Patient safety depends on cyber safety, agency experts wrote.
Photo/Thumb have been modified. Courtesy of Shutterstock / Ievgenii Meyer.
Healthcare continues to be a target for cyberattackers and new medical devices and technologies open up new vectors that could put a health system at risk.
If a health system suffers a medical device malfunction or hack, it is important for it to raise awareness about the situation without causing unwanted consequences, Amy Abernethy, M.D., Ph.D., principal deputy commissioner and acting chief information officer of the U.S. Food and Drug Administration (FDA), wrote last week.
When implementing medical devices and technologies into a health system, it may be helpful to know the potential cybersecurity risks, Abernethy suggested.
In technologies like heart pacemakers, computer code is included to set the rhythm of the heart. Concerns can arise because the software being used could become infected with malware that changes the performance of the device. Such devices can also be hacked and leak personal health information.
The FDA works with cybersecurity experts, manufacturers and other federal government agencies to make sure medical devices are developed with cyber safety and risk management in mind, wrote Abernethy and Suzanne Schwartz, M.D., MBA, deputy director of the Office of Strategic Partnerships and Technology Innovation at the FDA’s Center for Devices and Radiological Health.
Recently, the agency has been working with patients and advocacy groups who are becoming more aware of medical device cybersecurity.
In a meeting focused on medical device cybersecurity and using communication to empower patients, healthcare representatives, providers, security researchers, other stakeholders and patients came together and told the FDA that medical device cybersecurity “is a matter of national security, as well as one of patient safety.”
After a cybersecurity breach, health systems have to decide how and when to address the patients who could have been affected. Health systems could have limited information after the cyber vulnerability is identified and sharing information about cybersecurity weaknesses could lead another cybercrime, Abernethy and Schwartz wrote.
Despite this, patients voiced that even if a health system can’t immediately fix a cybersecurity breach or vulnerability, they still want to be told about it.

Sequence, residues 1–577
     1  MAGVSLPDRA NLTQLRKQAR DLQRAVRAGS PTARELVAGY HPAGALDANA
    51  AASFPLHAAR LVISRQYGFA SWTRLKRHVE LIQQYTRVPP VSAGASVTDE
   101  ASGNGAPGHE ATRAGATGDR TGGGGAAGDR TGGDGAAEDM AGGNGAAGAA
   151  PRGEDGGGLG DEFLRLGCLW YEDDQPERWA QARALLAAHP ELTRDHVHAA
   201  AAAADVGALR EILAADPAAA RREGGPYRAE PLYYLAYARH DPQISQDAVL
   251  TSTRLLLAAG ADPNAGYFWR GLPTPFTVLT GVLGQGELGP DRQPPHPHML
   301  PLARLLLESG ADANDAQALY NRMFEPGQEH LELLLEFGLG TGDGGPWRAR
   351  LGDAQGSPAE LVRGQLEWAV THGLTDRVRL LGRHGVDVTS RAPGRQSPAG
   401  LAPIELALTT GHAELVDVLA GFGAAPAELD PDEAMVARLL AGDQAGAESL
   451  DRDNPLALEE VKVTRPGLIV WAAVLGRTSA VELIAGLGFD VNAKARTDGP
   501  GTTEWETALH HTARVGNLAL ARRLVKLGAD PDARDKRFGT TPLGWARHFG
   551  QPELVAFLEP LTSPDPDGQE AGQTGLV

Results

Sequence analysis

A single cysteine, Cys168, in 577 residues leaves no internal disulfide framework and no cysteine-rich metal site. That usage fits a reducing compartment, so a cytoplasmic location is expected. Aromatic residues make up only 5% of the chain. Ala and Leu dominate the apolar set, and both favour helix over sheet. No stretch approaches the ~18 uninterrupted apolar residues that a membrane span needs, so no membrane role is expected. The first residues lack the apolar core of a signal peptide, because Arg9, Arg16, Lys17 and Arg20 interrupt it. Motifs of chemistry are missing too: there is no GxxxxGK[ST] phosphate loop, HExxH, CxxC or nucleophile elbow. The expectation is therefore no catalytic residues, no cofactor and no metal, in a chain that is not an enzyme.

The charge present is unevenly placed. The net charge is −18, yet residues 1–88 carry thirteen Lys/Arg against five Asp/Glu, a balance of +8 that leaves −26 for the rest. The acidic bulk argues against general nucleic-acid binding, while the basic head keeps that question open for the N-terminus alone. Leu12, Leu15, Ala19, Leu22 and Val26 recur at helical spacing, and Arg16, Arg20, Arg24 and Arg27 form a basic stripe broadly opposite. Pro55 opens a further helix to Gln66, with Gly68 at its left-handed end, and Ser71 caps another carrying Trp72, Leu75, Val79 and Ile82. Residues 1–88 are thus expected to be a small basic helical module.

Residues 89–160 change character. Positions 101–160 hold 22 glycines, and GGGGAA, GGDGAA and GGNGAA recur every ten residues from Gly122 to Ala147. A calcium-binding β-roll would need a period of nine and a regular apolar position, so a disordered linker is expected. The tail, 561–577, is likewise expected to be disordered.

“Patients said the information would allow them to serve as a ‘boots-on-the-ground’ intelligence system that could alert the FDA to potential instances of harm to patients,” they wrote.
Although patients want to be notified of such an event, they do not want to have to go and search for additional information. Rather, patients urged the FDA to encourage health systems to be more transparent about these events and who might have been affected by using a particular medical device. Patients should not be burdened to seek additional details.
The federal regulator has issued a number of draft guidances to address the safety and efficiency of medical devices.
In September, the agency released a guidance about a safer technologies program for medical devices. And there is a guidance from 2014, which the FDA revised last year, Content of Premarket Submissions for Management of Cybersecurity in Medical Devices. The guidance recommends that manufacturers include a list of materials such as commercial, open-source and off-the-shelf software and hardware components that are or could be susceptible to vulnerabilities.
“The (Center for Devices and Radiological Health) cybersecurity vision is one where the medical device community takes bold action to transform medical devices from brittle to resilient,” they wrote. “Every device would meet a security baseline; every device would be easily updatable; and patients would receive timely updates.”
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